There may not be a simple answer to the rising cost of food prices, but that doesn’t mean we shouldn’t work towards short- and long-term solutions to this problem
Washington, D.C. (Vocus) May 15, 2008
Consumers across America are feeling the strain of rising food prices, but they are not alone. Small businesses—from family farmers to restaurants and grocery stores—are seeing the cost of their “raw materials” increase rapidly. The current economic downturn only compounds the problem, leaving consumers with less disposable income for the products and services these firms bring to market.
Today, the House Committee on Small Business examined how the trends are affecting the nation’s economic food chain. Committee Members heard from a panel of entrepreneurs, and called for a national dialogue to yield sound policy and a full understanding of variables driving prices for such items as bread, eggs and milk.
“Like other Americans, entrepreneurs are facing record oil prices, tightening credit markets, and a lagging economy. They are also dealing with skyrocketing food prices—both as consumers and as business people,” said Chairwoman Nydia M. Velázquez.
Small firms feel the impact of sudden increases in business expenses more harshly than their larger counterparts. At today’s hearing, the American Bakers Association noted a bag of bread flour cost $17 in 2006. That same bag now costs a small business $52. For many entrepreneurs, such radical jumps in costs can mean the difference between turning a profit and being forced to shut their doors.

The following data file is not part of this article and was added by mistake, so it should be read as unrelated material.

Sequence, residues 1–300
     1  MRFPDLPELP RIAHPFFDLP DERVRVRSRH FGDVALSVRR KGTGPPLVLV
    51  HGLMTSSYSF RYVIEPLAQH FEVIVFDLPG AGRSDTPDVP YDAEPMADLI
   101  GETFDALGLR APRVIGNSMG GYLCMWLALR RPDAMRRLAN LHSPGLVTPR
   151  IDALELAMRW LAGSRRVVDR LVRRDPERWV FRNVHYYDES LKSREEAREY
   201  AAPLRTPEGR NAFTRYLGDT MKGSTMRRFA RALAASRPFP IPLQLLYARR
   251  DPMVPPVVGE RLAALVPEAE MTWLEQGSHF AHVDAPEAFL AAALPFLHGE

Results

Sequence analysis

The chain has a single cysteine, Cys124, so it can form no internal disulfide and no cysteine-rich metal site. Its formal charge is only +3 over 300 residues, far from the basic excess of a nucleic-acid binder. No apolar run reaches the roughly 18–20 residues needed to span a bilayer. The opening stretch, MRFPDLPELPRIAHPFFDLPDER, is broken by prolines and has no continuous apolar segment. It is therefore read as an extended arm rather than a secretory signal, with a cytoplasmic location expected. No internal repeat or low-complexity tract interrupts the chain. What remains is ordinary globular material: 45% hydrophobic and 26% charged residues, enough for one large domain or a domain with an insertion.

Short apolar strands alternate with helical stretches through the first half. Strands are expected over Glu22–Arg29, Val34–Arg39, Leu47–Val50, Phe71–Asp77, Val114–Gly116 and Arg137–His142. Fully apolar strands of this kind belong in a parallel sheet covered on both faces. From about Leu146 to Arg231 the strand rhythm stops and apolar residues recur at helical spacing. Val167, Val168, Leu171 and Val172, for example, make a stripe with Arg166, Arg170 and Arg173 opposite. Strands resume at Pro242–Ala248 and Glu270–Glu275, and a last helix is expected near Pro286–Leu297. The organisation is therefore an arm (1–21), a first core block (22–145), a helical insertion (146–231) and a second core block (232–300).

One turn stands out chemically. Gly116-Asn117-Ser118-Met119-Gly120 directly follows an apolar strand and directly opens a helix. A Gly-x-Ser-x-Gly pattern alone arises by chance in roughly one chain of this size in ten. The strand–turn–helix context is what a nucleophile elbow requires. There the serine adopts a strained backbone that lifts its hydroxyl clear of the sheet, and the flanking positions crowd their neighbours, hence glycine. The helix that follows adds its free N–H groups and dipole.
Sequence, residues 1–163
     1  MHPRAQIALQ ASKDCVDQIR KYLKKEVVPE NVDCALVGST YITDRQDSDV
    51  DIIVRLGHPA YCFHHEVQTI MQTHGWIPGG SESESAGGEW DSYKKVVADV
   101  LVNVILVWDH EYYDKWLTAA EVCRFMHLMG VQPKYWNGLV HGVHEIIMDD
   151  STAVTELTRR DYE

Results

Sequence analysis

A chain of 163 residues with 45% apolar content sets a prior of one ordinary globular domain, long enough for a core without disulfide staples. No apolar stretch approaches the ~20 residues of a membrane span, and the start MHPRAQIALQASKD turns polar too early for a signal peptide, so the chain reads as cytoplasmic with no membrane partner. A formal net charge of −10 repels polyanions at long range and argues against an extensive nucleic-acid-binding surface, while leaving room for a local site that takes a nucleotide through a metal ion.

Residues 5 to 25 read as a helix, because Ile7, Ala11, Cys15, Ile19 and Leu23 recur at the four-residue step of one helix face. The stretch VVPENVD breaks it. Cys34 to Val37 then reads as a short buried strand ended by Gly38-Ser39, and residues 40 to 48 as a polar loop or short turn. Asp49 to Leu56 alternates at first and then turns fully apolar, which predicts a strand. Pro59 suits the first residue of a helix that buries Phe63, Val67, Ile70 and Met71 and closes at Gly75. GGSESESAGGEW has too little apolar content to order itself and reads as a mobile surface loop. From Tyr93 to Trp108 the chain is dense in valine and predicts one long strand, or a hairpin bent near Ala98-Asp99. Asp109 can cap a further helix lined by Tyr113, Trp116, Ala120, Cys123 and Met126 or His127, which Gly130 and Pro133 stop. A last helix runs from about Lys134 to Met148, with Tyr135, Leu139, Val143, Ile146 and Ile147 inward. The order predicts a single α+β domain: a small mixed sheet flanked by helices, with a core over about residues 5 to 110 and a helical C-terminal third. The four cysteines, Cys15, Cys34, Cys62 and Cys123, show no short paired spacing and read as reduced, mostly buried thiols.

“The situation presents serious challenges, so we shouldn’t waste time despairing or pointing fingers. Instead, we should focus on understanding the dynamics of the problem and the how the pieces of this puzzle come together,” said Chairwoman Velázquez.
Witnesses noted that forces such as changing weather patterns, increased global demand for food items in emerging markets, and record oil prices have joined to create a “perfect storm”. Their testimony also underscored that no single variable could have caused the current situation on its own, and that any solution must take the complex interaction of factors into account.
“There may not be a simple answer to the rising cost of food prices, but that doesn’t mean we shouldn’t work towards short- and long-term solutions to this problem,” said Chairwoman Velázquez. She also noted that small firms are the core of the nation’s fiscal strength, and added: “Current conditions may be pushing them to the limit, but I remain confident in the resiliency of U.S. small business. Entrepreneurs have always led the way back to economic recovery, and—with our support—they’ll do so again.”
Erin Donar/Jaime Zapata